necrosis of proximal tubular epithelium c.
inhibition of sulfhydryl (-SH) group containing
enzymes Diagnosis a. history of exposure b.
blood mercury Treatment a. remove from
exposure b. Hg and Hg salts gt 4 µg/dl 2,3
dimercaptopropanol (BAL), penicillamine,
N-acetyl-penicillamine (most effective) Minamata
disease
9
Arsenic, As3, As5 Sources of exposure a.
GI well water, food b. Inhalation- fumes and
dust from smelting Environmental byproducts
of smelting ore, AsGa in semiconductors,
herbicides and pesticides Absorption a.
GI-inorganic trivalent (arsenites) and
pentavalent (arsenates) salts gt90
organic also bound as tri and pentavalent
gt90 Distribution accumulates in lung, heart,
kidney, liver, muscle and neural tissue.
Concentrates in skin, nails and hair. Half life
is 7 to 10 hours Mechanism of toxicity a.
Membranes protein damage of capillary
endothelium increased vascular permeability
leading to vasodilation and vascular collapse b.
Inhibition of sulfhydryl group containing
enzymes c. Inhibition of anaerobic and oxidative
phosphorylation (substitutes for inorganic
phosphate in synthesis of high-energy
phosphates) Symptoms a. Acute damage to
mucosa, sloughing, diarrhea (rice-water stools),
hypovolemic shock, fever, etc. b. Chronic-
weakness, GI irritation, hepatomegaly, melanosis,
arrhythmias, peripheral neuropathy, perivascular
disease (blackfoot disease) c. Carcinogenicity-
epidemilogic evidence liver angiosarcoma, skin
and lung cancer Treatment a. Remove from
exposure b. Acute supportive therapy- fluid,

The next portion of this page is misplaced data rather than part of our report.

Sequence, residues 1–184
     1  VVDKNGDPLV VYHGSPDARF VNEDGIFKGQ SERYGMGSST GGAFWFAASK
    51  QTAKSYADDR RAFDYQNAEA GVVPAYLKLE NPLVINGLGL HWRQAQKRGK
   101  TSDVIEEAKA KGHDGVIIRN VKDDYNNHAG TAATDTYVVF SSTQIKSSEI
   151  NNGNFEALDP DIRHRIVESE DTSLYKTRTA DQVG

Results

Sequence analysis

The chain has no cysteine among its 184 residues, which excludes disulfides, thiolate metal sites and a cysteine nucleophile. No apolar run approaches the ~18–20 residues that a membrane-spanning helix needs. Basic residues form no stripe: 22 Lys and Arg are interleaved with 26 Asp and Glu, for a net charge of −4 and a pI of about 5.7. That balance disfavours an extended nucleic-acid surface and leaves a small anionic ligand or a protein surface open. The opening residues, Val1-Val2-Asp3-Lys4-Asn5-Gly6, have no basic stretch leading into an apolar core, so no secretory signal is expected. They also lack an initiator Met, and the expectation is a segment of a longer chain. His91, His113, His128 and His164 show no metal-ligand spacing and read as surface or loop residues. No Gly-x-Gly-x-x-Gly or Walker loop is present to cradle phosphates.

electrolyte replacement, blood pressure support
(dopamine) c. Chronic penicillamine w/o
dialysis Arsine gas (AsH3) acts as hemolytic
agent with secondary to renal failure.
Supportive therapy transfusion (chelators have
not been shown to be beneficial)
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METALS AND DRUGS (CHELATORS)
TO CONSIDER METAL CHELATING AGENTS
(DRUGS) Lead Ethylenediamine-tetraacetic
acid (EDTA) 2,3-dimercatosuccinic acid
(Succimer) 2,3-dimercatopropanol (BAL,
Dimercaprol) Penicillamine Cadmium Ethylened
iamine-tetraacetic acid (EDTA) Mercury N-acetyl
-penicillamine (NAP) Penicillamine 2,3-dimer
catopropanol (BAL, Dimercaprol) 2,3-dimercatosu
ccinic acid (Succimer) Arsenic N-acetyl-penici
llamine (NAP) Antimony Ethylenediamine-tetraa
cetic acid (EDTA) Iron Deferoxamine
15
  • Study Aid For Heavy Metal Toxicity
  • Know specific chelating agents for each metals
    and route of administration.
  • Lead Calcium disodium EDTA (IV)
  • 2, 3-dimercaptosuccinic acid (Succimer) (Oral)
  • 2, 3-dimercaptoproponol (BAL, Dimercaprol) (IM)
  • Penicillamine (Oral)
  • Cadmium Calcium disodium EDTA (IV)
  • Mercury 2, 3-dimercaptosuccinic acid (Succimer)
    (Oral)
  • 2, 3-dimercaptoproponol (BAL, Dimercaprol)
    (IM)
  • Penicillamine (Oral)
  • N-acetyl-penicillamine (Oral)
  • Arsenic N-acetyl-penicillamine (Oral)
  • Penicillamine (Oral)
  • Arsine gas (AsH3) (hemolytic agent) transfusion
  • Iron Defroxamine (IM, slow IV, Oral-under rare
    circumstance)
  • Know the mechanism of absorption.
  • Skin, Inhalation, GI
  • Know the mechanisms of toxicity